Finally, I do recommend Michael Gorman’s biblical-theological works as smart, excellently conceived and executed, and practically oriented.
The links to Theological Miscellany are out of date. Try https://wtctheology.org.uk/theomisc/c-s-lewis-and-cruciformity/
Thanks for this update!
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This sounds like a great project. I would think that a crucial (sorry for the pun) aspect of Lewis’s thinking about narrative theology and its shape would be medieval allegorical interpretation of the Bible, above all as turned into allegorical narrative by Dante and other poets (such as Langland). The classic text for this is Erich Auerbach’s long essay “Figura,” which develops in its fullest form one of the key ideas of his book Mimesis: The Representation of Reality in Western Literature, where he centers Dante in the context of larger literary developments. Lewis, I think, would tell a different story about Western literature, one more oriented to representations that include spiritual reality (rather than exclude it, as Auerbach sees happening as early as Dante). Indeed, I think his pact with Tolkien to write space and time travel stories could be seen as a matter of reviving stories that have more of a capacity to do this, as medieval allegory did, and to do it from a Christian perspective using the patterns that medieval biblical interpretation was interested in.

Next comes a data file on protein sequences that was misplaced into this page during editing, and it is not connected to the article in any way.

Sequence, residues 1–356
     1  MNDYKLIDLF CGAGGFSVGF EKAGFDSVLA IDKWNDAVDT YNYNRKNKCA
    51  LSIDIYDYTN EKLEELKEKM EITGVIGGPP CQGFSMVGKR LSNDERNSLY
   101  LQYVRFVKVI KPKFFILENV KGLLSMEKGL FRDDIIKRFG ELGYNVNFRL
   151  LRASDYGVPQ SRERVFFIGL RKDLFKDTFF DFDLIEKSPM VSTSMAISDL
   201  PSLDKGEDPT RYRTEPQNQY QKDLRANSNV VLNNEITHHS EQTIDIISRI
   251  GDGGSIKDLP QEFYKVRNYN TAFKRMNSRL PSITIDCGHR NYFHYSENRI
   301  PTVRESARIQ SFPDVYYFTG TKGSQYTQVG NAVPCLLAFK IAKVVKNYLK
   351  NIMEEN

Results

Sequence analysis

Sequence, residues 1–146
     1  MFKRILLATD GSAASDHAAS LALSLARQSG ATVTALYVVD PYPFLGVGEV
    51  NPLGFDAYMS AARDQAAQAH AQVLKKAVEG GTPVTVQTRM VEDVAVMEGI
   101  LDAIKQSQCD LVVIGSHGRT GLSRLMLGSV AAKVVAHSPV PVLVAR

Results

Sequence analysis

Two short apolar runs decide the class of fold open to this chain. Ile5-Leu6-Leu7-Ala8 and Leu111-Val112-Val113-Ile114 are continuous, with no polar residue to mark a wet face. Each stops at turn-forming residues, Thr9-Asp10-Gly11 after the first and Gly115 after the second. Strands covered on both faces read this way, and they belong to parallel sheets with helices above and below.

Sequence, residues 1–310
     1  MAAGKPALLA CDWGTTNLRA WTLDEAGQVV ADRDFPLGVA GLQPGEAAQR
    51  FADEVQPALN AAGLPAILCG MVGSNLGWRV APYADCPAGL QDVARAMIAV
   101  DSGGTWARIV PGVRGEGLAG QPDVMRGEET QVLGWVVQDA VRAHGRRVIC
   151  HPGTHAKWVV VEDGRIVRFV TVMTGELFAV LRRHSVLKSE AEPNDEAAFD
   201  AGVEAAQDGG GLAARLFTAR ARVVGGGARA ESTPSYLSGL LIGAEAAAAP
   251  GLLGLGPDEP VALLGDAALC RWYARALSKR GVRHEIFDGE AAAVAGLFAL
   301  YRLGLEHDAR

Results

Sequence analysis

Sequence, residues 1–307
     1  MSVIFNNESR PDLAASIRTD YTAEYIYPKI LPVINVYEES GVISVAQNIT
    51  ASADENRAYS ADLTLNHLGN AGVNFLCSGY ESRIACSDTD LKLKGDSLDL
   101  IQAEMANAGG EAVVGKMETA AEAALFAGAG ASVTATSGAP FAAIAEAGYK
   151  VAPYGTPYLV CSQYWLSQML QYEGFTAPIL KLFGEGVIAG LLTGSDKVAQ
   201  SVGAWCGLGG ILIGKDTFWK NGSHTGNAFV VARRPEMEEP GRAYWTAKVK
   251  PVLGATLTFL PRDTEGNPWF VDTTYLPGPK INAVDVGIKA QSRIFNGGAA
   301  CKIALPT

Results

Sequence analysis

Hi, I actually have Mimesis open as I am rereading “Odysseus’ Scar” and “Fortunata” for teaching. I have always found the readings of texts in Auerbach easier (for me) to understand and appreciate than some of his underlying principles.
Lewis does, indeed, tell a different story than Auerbach in “The Allegory of Love.” Auerbach’s genius of seeing “mimesis” born in Peter’s denial, the awakening of morning in the cock’s crow, is so important. But his reading disintergrates: his move to mimesis is a move from a world alive with supernatural possibilities to one that is inhabited by psychological journeys. Your instinct is precisely right. Lewis is not writing against Auerbach (though may have read him later). Lewis, I would argue, sees a similar move of “from” to “to” that Auerbach captures, but reads it differently, so that the death of religious imagery is the birth of myth, and then, later, the birth of metaphor. I presume he is shaped by Owen Barfield’s “Poetic Diction” on this one.